BEIJING: China's biggest online marketplace, Alibaba Group Holding Ltd's Taobao, will ban the sale of bitcoins on the heels of a government crackdown against the virtual currency to plug a potential gap in its tight controls on capital flows.
The move comes as Alibaba, China's biggest e-commerce company, seeks the smoothest of rides toward a giant initial public offering of stock expected later this year. In a statement posted on its website late on Tuesday, Taobao said the ban was effective from January 14.
Taobao's move to fall in line with the government's wishes also comes as Alibaba presses on with efforts to stamp out the sale of fake goods in the online marketplace. Alibaba has been conservatively estimated to be worth more than $100 billion (R1 067bn).
"The central bank clearly has required third-party payment services to close bitcoin trading channels," Taobao said, without disclosing any details on bitcoin sales through its platform up to now. Backed by neither a government nor a bank, bitcoin has attracted currency speculators in recent months.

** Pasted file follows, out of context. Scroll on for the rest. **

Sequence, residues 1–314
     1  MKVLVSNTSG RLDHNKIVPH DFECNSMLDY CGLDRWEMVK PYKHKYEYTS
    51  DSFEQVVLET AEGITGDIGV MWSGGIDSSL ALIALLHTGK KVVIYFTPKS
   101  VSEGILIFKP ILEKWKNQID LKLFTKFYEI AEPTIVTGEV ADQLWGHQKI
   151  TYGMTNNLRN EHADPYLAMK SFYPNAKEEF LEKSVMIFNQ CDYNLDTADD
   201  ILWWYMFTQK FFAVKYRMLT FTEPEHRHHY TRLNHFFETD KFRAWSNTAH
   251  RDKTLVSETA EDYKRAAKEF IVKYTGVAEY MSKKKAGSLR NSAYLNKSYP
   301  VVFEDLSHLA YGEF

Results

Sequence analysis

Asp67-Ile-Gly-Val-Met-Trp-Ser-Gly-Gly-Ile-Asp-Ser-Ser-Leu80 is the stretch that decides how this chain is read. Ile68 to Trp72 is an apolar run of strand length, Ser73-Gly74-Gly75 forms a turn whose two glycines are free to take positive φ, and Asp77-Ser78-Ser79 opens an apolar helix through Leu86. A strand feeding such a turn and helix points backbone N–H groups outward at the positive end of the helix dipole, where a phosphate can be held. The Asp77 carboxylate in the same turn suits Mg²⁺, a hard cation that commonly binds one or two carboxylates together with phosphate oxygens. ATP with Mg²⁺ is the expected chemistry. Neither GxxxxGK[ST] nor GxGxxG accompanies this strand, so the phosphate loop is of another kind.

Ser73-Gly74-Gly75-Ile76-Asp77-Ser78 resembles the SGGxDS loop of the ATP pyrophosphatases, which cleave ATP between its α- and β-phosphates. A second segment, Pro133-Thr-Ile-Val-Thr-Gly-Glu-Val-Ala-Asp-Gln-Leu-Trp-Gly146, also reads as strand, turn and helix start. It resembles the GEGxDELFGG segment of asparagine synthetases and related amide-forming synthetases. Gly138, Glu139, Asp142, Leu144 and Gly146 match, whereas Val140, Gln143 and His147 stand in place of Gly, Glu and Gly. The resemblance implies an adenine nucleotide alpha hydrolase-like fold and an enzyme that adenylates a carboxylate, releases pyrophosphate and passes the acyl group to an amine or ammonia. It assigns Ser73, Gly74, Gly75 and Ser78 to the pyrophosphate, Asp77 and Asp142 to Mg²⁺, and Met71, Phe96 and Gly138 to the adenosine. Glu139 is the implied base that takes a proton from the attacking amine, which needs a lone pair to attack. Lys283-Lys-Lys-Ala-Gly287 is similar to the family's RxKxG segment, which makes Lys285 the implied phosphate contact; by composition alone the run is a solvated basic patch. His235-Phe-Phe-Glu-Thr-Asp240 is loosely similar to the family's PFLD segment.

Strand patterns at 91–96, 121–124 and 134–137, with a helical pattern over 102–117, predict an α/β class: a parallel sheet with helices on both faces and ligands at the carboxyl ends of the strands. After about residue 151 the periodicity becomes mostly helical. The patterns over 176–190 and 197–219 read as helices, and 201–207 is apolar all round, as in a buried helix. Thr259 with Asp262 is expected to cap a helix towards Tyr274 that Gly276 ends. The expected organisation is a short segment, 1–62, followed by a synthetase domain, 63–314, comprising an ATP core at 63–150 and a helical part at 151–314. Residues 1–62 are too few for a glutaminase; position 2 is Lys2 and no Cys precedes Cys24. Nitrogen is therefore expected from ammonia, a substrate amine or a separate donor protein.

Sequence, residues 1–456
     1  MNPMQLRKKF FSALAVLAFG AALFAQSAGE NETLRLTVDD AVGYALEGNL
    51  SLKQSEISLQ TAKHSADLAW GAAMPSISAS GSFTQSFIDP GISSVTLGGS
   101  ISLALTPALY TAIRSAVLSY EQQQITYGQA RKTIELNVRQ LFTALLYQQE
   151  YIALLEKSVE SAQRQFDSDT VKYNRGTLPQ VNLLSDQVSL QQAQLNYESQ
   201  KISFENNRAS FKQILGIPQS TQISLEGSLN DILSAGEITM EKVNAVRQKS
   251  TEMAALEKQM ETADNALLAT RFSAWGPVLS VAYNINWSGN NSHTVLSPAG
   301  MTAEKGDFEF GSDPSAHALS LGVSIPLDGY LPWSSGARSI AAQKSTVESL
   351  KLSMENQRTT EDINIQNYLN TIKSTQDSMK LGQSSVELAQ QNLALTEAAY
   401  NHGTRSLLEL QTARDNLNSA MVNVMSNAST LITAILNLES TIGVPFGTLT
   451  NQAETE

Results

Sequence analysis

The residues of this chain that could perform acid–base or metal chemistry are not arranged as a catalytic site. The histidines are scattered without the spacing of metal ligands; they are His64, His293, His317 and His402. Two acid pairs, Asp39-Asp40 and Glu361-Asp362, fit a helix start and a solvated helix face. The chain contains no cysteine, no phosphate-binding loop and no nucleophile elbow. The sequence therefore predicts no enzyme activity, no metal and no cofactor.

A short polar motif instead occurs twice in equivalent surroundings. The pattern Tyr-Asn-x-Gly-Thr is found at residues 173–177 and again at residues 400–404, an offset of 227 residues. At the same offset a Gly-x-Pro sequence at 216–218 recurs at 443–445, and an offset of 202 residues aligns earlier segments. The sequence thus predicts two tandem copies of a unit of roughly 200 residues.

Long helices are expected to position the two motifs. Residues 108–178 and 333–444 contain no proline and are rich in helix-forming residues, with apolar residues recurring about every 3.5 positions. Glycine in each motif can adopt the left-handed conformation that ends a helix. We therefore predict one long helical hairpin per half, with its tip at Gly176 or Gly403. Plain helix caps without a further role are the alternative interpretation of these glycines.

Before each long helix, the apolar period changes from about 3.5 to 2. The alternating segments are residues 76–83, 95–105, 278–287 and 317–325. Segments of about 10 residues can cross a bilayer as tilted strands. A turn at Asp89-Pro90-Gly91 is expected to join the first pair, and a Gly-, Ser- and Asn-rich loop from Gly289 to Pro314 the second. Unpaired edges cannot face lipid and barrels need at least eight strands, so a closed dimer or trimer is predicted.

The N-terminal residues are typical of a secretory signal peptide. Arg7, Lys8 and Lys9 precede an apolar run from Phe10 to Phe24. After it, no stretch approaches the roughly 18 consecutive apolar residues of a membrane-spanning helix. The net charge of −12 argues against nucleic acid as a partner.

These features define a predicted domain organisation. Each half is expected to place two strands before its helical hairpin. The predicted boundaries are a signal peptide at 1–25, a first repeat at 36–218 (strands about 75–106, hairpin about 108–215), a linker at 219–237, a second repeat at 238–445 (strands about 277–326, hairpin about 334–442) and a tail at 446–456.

Alibaba spokeswoman Florence Shih said: "In the interest of consumer protection, Taobao has banned the sale of bitcoins on the platform."
Taobao uses Alibaba's online payment affiliate Alipay to process transactions across the world's second-biggest economy, handling more than 1 trillion yuan ($165 billion) in annual sales volume together with its sister shopping portal T-Mall.
The Taobao ban, which covers other virtual currencies, also includes the sale of any guides, computer hardware or software related to bitcoin "mining". In the mining process users can mint new bitcoins of their own by having a computer solve complex mathematical problems.
Most bitcoin sales take place on specialised electronic platforms, rather than online marketplaces like Taobao that are designed to trade the virtual currency for physical currencies.
In December, the People's Bank of China barred financial institutions from trading in bitcoins, saying the government would act to prevent money laundering risks. - Reuters
(c) 2014 Independent Newspapers (Pty) Limited. All rights strictly reserved. Provided by Syndigate.info, an Albawaba.com company
Original headline: Bitcoin bites the dust in China
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